Don't Make Central Banks Sole Agents of the Recovery, G30 Says

  • Think tank says loose-policy risks not well understood
  • Former ECB President Trichet is chairman of advisory group

Global central banks must do more to spot oncoming turmoil caused by years of their own ultra-loose monetary policy, while avoiding being cast by governments as the sole agents of economic recovery, the Group of Thirty financial-policy group said.

“While unconventional policies such as quantitative easing, off-balance-sheet commitments, and forward guidance have played an important role in the management of recent crises, deeper studies are still needed to ascertain their longer-term overall benefits and unintended consequences,” the Washington-based G30 said in a report prepared for the International Monetary Fund’s annual meeting in Lima this week. “Central banks alone cannot be relied upon to deliver all the policies necessary to achieve macroeconomic goals.”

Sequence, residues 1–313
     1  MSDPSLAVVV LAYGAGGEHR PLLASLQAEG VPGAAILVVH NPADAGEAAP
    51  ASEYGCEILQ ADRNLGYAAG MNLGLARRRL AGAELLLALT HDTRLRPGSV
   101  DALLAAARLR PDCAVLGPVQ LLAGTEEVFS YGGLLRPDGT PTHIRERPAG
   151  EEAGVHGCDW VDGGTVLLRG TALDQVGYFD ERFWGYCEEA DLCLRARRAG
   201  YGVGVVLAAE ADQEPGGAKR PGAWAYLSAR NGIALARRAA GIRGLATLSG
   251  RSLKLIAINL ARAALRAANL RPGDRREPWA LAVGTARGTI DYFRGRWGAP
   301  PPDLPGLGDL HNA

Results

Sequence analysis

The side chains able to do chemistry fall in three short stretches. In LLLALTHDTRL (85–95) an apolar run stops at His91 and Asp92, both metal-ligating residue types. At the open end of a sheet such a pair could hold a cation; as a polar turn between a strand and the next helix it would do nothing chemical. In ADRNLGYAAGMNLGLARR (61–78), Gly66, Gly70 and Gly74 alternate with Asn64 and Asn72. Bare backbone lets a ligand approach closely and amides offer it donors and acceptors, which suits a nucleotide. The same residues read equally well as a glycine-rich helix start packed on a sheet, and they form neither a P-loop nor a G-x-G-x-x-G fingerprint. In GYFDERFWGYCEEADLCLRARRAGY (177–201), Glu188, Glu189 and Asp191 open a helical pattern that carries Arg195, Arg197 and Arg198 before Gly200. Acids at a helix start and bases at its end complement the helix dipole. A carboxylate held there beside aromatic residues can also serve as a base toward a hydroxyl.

Led by former European Central Bank President Jean-Claude Trichet, the group acts as a think-tank made up of current and previous policy practitioners on global financial issues. The report echoes and broadens concerns voiced by Trichet during his 2003-2011 term in office that while monetary policy can fight immediate financial turmoil, it can’t address the underlying causes of and risks associated with weak economic performance.

“Longer-term price stability is the most important contribution central banks can make to ensuring strong and sustainable growth,” according to the report. “Governments have a responsibility to address structural, regulatory, and other weaknesses in the real economy that might otherwise contribute to the gestation of future crises.”

The G30’s members include Bank of England Governor Mark Carney, Bank of Japan Governor Haruhiko Kuroda. U.S. Federal Reserve Chair Janet Yellen and ECB President Mario Draghi have previously been members.

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